Every hunter has experienced it—waiting patiently in extreme temperatures and consitions, joints stiff and sore from sitting motionless among the trees for so, so long. Then, like their counterparts on the island of Gwark who, out of the corner of their eyes, finally see it coming at a pace fit for a race. Why yes, there it is, the elusive, reclusive Fizza-ma-wizza-ma-dill, and it just topped Bill’s Hill.
So with hands steady and gun at ready, the hunter fires. Boom! But the creature scurries off into the jungle without even the slightest of bungles. And much to his dismay, all the poor hunter sees is the part of the Fizza-ma-wizza-ma-dill that generally last sees the light of day.
The hunter missed his target. But why did his shot go so far astray?
Well, in defense of the hunter, shooting a moving target is extremely difficult. And, for example, during a police shootout with a bad guy, it’s even more difficult to fire an accurate shot when the target is shooting back.
As a firearms instructor at the police academy I often taught combat shooting to officers, and part of that training included having the officers locate and aim for a target within their target. I know, that sounds a little odd, but all it means is to pinpoint a tiny spot on the intended target, and that’s the spot you want to hit when the trigger is pulled. Not just the body of the attacker who’s charging at you with a gun in each hand. This technique doesn’t mean the shooter will actually hit such a tiny spot, but it helps to narrow the focus which helps the officer make a far more accurate shot.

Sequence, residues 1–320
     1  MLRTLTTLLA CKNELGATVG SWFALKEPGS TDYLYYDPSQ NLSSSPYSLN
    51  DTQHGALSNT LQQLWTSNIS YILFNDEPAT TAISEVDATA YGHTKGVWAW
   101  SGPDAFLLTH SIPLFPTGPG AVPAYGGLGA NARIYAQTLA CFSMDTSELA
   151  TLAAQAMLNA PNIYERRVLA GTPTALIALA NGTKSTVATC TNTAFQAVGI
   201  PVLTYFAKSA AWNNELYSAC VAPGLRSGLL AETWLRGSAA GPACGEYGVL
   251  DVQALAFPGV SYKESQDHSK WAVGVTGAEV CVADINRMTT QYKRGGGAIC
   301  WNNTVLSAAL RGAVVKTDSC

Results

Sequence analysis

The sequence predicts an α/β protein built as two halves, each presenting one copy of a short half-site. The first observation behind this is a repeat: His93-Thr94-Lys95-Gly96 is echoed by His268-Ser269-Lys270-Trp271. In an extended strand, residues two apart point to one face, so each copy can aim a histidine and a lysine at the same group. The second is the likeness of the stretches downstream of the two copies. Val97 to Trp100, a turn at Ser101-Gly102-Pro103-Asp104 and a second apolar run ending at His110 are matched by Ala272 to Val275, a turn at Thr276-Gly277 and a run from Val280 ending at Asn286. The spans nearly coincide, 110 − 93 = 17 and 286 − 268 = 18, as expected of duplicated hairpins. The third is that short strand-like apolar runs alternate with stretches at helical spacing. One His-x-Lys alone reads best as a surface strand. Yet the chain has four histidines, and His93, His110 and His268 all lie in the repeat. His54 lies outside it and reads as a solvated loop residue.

Think of the football quarterback who practices throwing a ball through the center of a tire. His overall target is the tire, but he wants to deliver the ball to the center of the tire/target. He does this for hours and hours, perfecting his technique, so that when he gets on the field he’ll be able to transfer that pinpoint accuracy to a receiver’s hands. Same principle when practicing the “target-on-target” combat shooting method.
The next trick to combat shooting is teaching the shooters to fire their weapons the moment their support hand comes in contact with their gun hand. It’s at this moment when the eyes should have already found their target on the target (a mustard stain on the bad guy’s shirt, a button, a logo, etc.). There should be absolutely no hesitation at this point. When the hands come together the trigger should be pulled. If the officers takes a fraction of a second to think, try to find the sights, glance to the side, etc., the shot will most likely be off target. It’s that simple.
My fellow instructors and I used to practice by shooting the thumbtacks that held our targets in place. Our peers used to tease us, saying we were obsessed with shooting. Some even equated us with…
But all the shooting must have paid off. I’m still here after an intense shootout with a bank robber.
It takes practice to become proficient with firearms. And, just like a basketball player practices free throws, so should police officers practice shooting their weapons. The big difference in the two (other than the pay) is that an officer’s life may come down to a single pull of the trigger.